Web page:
Real estate developer Leonard Attman won key city approval last night in his campaign to build a controversial office building that would overhang the sidewalk at the corner of Charles and Redwood streets.
The city planning commission gave its blessing to a city council bill that would authorize selling Mr. Attman the air rights needed to build his proposed 29-story building.
Mr. Attman has been trying to get his building approved since 1990 but has been blocked because his plans called for condemning part of Redwood Street to allow for a larger building. The city refused to sell the street bed, so the developer scaled back his building.
"Despite short-term market conditions, we are bullish on Baltimore's future," Michael A. Christianson, an attorney for Mr. Attman, told the planning commission.
Adam Gross, the project's architect, said that some upper floors of the proposed 343,000-square-foot building would project out to the curb line. At street level, the building would be set back from the curb, and the overhanging upper floors would create a street-level arcade, he said. The upper floors would be supported by four-story columns at the curb line.
"The decision that was made here is the major piece" of the city review needed before the project can be built, city planning director Ernest Freeman said after the hearing.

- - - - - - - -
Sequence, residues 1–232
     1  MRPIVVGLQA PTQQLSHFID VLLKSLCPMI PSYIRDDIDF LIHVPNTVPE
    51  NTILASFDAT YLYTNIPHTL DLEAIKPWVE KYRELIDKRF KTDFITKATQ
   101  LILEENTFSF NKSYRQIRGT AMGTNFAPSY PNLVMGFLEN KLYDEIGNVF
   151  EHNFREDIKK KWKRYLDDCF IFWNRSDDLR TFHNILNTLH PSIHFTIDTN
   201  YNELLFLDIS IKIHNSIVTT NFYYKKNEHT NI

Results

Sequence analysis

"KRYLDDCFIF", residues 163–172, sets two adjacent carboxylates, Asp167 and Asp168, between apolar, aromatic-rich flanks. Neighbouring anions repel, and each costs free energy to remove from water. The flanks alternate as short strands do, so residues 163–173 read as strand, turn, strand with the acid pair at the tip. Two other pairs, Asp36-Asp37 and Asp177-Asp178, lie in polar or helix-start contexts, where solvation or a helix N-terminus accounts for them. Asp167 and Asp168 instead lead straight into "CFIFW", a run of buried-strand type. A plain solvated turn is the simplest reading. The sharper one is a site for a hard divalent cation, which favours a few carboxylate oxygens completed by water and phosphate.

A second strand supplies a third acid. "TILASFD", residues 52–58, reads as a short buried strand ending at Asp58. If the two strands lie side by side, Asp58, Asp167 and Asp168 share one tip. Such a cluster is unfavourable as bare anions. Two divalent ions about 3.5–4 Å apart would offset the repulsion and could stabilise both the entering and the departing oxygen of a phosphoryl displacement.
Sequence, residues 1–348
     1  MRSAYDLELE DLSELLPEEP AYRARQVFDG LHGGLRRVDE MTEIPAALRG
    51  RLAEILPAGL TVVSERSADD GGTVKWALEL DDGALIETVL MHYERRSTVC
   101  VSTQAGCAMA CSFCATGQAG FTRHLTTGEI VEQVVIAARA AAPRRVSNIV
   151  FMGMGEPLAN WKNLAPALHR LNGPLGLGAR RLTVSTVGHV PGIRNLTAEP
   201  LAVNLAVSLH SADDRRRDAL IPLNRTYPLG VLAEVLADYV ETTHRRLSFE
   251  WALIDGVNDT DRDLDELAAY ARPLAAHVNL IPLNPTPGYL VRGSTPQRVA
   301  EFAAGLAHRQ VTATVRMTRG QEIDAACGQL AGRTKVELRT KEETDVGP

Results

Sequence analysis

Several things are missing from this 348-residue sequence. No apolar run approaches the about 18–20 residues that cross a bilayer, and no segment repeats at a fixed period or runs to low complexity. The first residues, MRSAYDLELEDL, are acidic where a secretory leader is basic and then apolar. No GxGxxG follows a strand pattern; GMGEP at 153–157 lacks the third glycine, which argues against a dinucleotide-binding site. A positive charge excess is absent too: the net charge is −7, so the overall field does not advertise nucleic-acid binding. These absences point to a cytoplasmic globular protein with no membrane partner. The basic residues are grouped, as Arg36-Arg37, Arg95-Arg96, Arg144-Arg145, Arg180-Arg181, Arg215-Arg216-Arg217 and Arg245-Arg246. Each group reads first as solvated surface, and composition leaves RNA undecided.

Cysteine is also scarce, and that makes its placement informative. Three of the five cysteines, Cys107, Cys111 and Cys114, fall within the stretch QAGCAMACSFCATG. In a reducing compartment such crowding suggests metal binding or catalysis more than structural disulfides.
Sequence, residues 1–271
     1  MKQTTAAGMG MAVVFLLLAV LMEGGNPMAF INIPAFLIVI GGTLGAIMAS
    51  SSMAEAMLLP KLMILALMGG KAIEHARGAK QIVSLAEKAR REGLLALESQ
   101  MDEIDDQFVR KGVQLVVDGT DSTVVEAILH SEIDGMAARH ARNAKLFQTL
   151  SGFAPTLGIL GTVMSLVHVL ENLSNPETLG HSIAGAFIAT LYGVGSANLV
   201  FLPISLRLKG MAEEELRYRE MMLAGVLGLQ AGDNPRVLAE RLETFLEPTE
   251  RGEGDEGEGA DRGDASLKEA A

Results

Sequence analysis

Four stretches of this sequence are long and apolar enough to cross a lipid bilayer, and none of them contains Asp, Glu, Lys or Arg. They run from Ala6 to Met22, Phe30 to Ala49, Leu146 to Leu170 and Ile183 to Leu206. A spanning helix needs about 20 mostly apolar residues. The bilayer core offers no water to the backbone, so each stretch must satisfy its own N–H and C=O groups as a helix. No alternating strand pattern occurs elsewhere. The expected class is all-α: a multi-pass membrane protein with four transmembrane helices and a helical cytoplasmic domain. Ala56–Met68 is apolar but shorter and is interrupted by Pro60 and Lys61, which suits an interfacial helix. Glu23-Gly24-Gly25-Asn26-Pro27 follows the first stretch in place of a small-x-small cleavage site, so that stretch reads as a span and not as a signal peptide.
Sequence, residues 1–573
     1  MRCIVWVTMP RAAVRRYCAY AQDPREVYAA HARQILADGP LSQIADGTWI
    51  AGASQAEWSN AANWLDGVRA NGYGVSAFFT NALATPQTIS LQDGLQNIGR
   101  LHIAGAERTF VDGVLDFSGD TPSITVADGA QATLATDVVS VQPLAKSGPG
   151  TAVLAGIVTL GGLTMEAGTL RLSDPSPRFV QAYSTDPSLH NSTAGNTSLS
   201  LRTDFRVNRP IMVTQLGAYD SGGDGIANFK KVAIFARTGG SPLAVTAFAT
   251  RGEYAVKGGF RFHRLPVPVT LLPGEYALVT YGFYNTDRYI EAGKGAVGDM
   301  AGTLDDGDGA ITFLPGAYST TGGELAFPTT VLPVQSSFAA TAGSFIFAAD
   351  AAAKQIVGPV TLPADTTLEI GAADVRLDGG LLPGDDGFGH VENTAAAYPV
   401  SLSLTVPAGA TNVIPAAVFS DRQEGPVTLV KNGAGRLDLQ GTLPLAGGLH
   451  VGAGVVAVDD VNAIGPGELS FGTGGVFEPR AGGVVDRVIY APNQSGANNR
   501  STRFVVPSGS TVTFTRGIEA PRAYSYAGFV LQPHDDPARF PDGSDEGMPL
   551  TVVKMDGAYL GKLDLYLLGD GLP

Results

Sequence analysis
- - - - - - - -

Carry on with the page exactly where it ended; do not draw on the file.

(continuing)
The newest plan "pulled the building back so the circulation below [on the street and sidewalk] stayed essentially the same," he said.
A city council hearing on the proposed ordinance is set for June 18.
Mr. Freeman defended the decision to sell Mr. Attman the air rights over the sidewalk, an approval attacked by neighboring property owners as a bailout for a developer who would otherwise be stuck with an unusable property.
"Baltimore has unique circumstances," Mr. Freeman said. "There are development opportunities that have to be pursued with city cooperation."
But Ira Cooke, a lawyer representing the owners of the building at 7 E. Redwood St., which is on the same block as the Attman site, said that the city agreed to sell Mr. Attman a public right-of-way to expedite a project that has no public purpose.
"What's the uniqueness?" Mr. Cooke demanded. "It's just a matter of a person saying . . . it's not enough, I want more." Mr. Cooke said that other buildings nearby are on much larger lots than the land Mr. Attman controls, but the buildings are only slightly larger.